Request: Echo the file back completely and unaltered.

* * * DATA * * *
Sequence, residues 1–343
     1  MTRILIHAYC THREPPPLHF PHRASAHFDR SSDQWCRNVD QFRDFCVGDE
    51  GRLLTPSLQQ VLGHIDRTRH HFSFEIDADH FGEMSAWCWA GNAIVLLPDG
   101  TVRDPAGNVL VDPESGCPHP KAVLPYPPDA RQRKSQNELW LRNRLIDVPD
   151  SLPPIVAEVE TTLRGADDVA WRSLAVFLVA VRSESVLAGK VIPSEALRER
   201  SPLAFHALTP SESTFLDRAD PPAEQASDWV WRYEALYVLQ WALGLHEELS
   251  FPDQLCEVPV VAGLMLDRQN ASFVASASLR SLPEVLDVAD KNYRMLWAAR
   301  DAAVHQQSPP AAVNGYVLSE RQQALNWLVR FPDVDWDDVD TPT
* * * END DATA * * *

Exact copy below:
Sequence, residues 1–343
     1  MTRILIHAYC THREPPPLHF PHRASAHFDR SSDQWCRNVD QFRDFCVGDE
    51  GRLLTPSLQQ VLGHIDRTRH HFSFEIDADH FGEMSAWCWA GNAIVLLPDG
   101  TVRDPAGNVL VDPESGCPHP KAVLPYPPDA RQRKSQNELW LRNRLIDVPD
   151  SLPPIVAEVE TTLRGADDVA WRSLAVFLVA VRSESVLAGK VIPSEALRER
   201  SPLAFHALTP SESTFLDRAD PPAEQASDWV WRYEALYVLQ WALGLHEELS
   251  FPDQLCEVPV VAGLMLDRQN ASFVASASLR SLPEVLDVAD KNYRMLWAAR
   301  DAAVHQQSPP AAVNGYVLSE RQQALNWLVR FPDVDWDDVD TPT